What is a normal glucose reading for a koala like Quincy, the diabetic koala bear?
News agencies around the world reported on June 25, 2018, that a koala at the San Diego Zoo, had been given a Dexcom G6 constant glucose monitor as part of treatment for his rare case of diabetes.
In a video, Quincy is seen sleeping on an exam table, with a shaved area on his back. The G6 CGM sensor's adhesive is applied with a quick click. And, after a sensor and transmitter warm-up period, the device is working. The Dexcom indicates that diabetic koala's blood glucose was 321.
That seemed quite high to a lot of people in the diabetes communities. But koalas are not humans, so what then is then is a normal blood sugar reading for a koala?
The San Diego Zoo replied to my inquiry and indicates that a normal koala glucose reading is: 80-130 mg/dl.
That is quite similar to a human's, where normal human blood sugar is considered approximately 75-95 when fasting between meals, and under 120 mg/dl two hours after meals by many sources.
Koalas are masupials native to Australia, usually with gray to brown fur. They mostly eat leaves from eucalyptus trees (gum leaves). They resemble bears found on other continents, and are frequently called "koala bears," but are not closely related.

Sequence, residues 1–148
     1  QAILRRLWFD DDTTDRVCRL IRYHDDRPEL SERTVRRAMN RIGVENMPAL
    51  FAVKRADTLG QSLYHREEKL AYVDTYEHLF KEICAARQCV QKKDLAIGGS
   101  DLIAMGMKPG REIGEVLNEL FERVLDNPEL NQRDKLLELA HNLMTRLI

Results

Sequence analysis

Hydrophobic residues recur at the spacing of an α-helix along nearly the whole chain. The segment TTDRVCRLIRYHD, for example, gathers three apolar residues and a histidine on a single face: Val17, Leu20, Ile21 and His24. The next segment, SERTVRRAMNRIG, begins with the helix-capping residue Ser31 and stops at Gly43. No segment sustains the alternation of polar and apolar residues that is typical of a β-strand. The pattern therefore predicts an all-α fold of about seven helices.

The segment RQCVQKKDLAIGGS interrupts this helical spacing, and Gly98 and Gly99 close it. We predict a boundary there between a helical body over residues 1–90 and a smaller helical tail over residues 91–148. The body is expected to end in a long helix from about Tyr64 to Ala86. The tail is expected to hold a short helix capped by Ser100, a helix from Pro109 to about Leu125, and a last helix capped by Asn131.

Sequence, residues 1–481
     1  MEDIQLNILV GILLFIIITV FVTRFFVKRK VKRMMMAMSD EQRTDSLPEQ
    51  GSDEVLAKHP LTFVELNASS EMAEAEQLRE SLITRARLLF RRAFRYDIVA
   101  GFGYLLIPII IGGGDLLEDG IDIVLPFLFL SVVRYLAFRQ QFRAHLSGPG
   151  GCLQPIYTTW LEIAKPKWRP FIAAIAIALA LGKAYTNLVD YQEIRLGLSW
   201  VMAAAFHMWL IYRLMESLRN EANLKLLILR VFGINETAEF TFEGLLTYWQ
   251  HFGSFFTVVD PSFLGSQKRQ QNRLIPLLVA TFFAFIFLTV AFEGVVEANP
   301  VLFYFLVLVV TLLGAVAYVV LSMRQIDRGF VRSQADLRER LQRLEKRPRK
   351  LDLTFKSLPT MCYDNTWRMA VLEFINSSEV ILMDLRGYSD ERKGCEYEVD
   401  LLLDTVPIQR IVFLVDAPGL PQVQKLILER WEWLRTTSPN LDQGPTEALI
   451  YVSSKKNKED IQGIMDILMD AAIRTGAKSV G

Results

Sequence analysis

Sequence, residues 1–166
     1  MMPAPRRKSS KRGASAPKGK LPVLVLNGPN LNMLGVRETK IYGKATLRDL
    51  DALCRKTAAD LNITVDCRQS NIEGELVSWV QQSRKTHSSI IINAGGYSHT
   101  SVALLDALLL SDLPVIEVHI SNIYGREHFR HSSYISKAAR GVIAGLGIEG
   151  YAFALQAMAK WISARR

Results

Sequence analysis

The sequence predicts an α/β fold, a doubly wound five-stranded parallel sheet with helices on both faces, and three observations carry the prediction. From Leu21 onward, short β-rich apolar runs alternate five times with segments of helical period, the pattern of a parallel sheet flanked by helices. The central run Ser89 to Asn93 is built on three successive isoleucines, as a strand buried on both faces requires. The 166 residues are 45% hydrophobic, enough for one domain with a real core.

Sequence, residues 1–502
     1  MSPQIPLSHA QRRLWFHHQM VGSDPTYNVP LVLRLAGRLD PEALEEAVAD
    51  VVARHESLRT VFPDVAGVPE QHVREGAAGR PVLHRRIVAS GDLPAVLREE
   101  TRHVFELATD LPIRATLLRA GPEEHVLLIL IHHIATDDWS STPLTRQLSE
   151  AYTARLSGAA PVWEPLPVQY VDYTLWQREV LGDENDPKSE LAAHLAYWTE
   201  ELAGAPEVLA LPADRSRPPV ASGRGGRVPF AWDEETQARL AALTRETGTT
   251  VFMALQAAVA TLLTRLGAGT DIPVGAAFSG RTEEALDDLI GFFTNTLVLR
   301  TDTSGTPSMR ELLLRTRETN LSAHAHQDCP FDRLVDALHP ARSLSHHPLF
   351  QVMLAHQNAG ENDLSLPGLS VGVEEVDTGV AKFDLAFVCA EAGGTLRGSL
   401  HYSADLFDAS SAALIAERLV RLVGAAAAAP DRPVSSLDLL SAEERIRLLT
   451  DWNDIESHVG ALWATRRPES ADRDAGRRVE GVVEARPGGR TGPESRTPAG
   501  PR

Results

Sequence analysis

A longer list of different animals' glucose readings can be found at this page, and they are quite diverse in range(measured in millimoles):
It's 80-130 mg/dl. 🐨— San Diego Zoo (@sandiegozoo) June 27, 2018
Update December 2018
Quincy the koala was euthanized after he developed pneumonia and his health declined.
In a series of Tweets, the SD Zoo stated:
Last week staff made the difficult decision to euthanize Quincy, a male koala who was under veterinary care for diabetes. A few weeks ago, Quincy developed pneumonia. Despite comprehensive medical treatment, his health continued to decline.Quincy was well known to the public for being one of only a few koalas that have been diagnosed with & treated for diabetes. Earlier this year, Quincy was fitted with a continuous glucose monitor to improve his opportunity to thrive. Quincy's story touched countless people around the globe who are living with diabetes. He was truly one of a kind and will be missed by staff, volunteers and Zoo guests.
Last week staff made the difficult decision to euthanize Quincy, a male koala who was under veterinary care for diabetes. A few weeks ago, Quincy developed pneumonia. Despite comprehensive medical treatment, his health continued to decline. 1/3 pic.twitter.com/tyIiDmbXJk— San Diego Zoo (@sandiegozoo) December 20, 2018